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  #1  
Old Mon 09 September 2013, 04:54
Red_boards
Just call me: Red #91
 
Melbourne
Australia
Missing steps

I have had an intermittent problem for the past few weeks where the Y axis misses steps or stops moving altogther. I'm guessing that they could both be the same problem, but they could be two problems. Sometimes the cutting path ends up off by an inch or so in Y but the machine continues normally. Other times the y-axis stops moving so the cutter traces a line in Y.

I've read other posts where people were missing steps and see that parallel cabling was a common cause. In these cases were the missing steps intermittent? What other symptoms were present?

Here are things I have checked:
  • Steps still generated by Mach3 according to screen readout of steps
  • Steps appear to be at BOB because onboard lights are flickering
  • I have checked pinion is tight and the rack/pinion interface seems fine.
  • I have replaced wiring from control box to y-motor
  • I have checked that all connections are sound.

I'm considering:
Could motor be flakey (would it be intermittent in this way)?
Could the Gecko be flakey (ditto)?

What other things could I consider?
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  #2  
Old Mon 09 September 2013, 05:43
bradm
Just call me: Brad #10
 
Somerville(MA)
United States of America
Red, when I saw a symptom like that it was because 1 of the 4 motor wires had a loose connection. Even through you've replaced the wiring, I'd try metering it out, possibly
while moving and flexing the cable chains. In my case, it was a connection at the motor end. Of course, a failure in the motor or Gecko could cause a similar effect; you could swap Geckos with another axis to see if the problem moves or stays put.
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  #3  
Old Mon 09 September 2013, 06:09
sailfl
Just call me: Nils #12
 
Winter Park, FL
United States of America
How long is your printer cable going from the computer to the controller box? That can cause a problem.
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  #4  
Old Mon 09 September 2013, 06:55
Red_boards
Just call me: Red #91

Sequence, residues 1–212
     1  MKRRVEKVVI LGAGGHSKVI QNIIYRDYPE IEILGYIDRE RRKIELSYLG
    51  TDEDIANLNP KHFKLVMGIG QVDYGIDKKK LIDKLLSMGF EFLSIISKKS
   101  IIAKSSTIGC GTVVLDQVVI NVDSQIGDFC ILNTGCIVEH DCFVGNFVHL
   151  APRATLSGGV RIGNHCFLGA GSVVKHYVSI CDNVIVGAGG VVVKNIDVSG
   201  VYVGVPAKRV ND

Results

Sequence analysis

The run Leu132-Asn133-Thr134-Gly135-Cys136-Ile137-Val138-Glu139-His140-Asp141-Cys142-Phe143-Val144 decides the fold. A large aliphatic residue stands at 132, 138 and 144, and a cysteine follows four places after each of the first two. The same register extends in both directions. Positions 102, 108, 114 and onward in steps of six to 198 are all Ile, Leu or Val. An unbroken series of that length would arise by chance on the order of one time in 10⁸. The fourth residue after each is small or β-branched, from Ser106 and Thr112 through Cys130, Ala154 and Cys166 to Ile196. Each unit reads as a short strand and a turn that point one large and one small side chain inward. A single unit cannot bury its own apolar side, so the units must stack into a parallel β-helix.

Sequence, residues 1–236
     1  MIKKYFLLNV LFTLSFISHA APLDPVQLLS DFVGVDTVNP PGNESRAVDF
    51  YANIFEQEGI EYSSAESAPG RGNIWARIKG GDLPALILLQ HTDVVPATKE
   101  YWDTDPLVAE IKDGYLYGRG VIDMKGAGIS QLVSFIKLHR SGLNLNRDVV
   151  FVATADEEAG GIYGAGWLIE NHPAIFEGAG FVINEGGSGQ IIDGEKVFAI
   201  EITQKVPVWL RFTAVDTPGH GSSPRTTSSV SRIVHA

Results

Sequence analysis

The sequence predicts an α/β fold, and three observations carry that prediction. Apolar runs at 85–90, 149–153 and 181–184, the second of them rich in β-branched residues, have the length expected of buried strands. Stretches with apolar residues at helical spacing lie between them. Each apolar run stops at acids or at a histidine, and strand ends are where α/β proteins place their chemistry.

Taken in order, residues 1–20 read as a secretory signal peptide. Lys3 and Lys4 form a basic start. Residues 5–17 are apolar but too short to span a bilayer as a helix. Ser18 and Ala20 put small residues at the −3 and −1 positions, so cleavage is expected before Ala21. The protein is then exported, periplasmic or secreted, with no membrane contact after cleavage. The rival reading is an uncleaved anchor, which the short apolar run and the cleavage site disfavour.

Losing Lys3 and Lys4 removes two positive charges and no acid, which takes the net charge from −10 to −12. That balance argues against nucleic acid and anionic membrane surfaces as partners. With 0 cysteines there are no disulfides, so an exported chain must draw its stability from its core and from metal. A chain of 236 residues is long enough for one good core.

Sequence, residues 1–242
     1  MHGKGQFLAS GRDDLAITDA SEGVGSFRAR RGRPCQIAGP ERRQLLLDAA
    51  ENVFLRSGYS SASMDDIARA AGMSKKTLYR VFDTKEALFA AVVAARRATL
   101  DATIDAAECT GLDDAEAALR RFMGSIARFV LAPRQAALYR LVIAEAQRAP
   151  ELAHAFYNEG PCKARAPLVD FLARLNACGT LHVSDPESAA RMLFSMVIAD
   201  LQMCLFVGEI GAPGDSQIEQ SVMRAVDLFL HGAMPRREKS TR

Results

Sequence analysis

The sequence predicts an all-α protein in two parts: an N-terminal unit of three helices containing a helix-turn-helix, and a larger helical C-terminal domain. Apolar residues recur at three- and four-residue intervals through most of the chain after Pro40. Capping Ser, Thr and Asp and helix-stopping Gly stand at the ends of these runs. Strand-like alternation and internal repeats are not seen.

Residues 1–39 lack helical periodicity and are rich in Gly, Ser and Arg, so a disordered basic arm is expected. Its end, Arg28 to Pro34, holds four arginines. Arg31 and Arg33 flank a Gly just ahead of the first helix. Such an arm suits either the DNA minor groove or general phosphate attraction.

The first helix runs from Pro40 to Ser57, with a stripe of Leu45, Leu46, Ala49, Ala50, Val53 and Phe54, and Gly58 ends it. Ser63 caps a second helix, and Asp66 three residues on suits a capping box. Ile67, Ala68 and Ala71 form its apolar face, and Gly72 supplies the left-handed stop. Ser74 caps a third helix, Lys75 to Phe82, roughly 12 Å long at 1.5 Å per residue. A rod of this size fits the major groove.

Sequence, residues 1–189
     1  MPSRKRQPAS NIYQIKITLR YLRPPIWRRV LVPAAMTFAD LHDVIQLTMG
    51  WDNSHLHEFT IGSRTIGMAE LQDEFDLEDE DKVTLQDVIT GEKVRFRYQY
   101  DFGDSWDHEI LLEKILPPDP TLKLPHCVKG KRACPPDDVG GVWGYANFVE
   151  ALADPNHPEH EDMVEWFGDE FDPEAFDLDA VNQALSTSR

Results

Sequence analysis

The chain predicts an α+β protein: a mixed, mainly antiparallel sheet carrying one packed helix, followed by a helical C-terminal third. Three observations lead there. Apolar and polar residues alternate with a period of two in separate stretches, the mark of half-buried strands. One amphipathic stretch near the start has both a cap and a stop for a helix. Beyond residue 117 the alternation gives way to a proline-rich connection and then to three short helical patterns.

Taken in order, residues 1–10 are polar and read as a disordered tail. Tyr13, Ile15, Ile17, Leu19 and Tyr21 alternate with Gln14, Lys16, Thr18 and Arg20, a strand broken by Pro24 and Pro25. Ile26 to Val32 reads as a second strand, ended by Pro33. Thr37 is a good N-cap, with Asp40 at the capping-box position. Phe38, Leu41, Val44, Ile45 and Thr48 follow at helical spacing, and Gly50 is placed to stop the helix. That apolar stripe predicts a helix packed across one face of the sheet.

Melbourne
Australia
Thanks, Brad. I thought I had found a loose connection at the motor. I think I've checked this out, but I'll have another look at it. Thanks for the idea.

Nils,
The cable is about 1.5m.
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  #5  
Old Mon 09 September 2013, 09:16
sailfl
Just call me: Nils #12
 
Winter Park, FL
United States of America
Just over 3 ft should not be a problem.

Last edited by sailfl; Mon 09 September 2013 at 09:19..
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  #6  
Old Mon 09 September 2013, 12:28
Richards
Just call me: Mike
 
South Jordan, UT
United States of America
What do the motors sound like? Do they sound smooth or can you hear a "pop" or other unusual noise?

When a stepper motor looses steps, often those lost steps are caused by the load being too great for the motor to handle. As the motor tries to move against too great a resistance, the magnetic field is broken, and you'll normally hear a very distinct "pop" or other loud noise. That does not damage the motor, but it ruins the cut.

Be sure that the cutter is sharp. Try cutting the same pattern at 1/2 the depth and making two passes. Decrease the acceleration so that the motor has more time to ramp up to speed.

On my Shopot PRT-Alpha, when I was running too close to the "missing step speed", I sometimes had a problem with different batches of MDF. Perhaps the glue used in one batch required a heavier load than another batch. I solved the problem by finding the speed that consistantly caused missed steps, and then by reducing that feed speed by 25%.
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  #7  
Old Mon 09 September 2013, 21:38
Red_boards
Just call me: Red #91
 
Melbourne
Australia
Thanks Mike,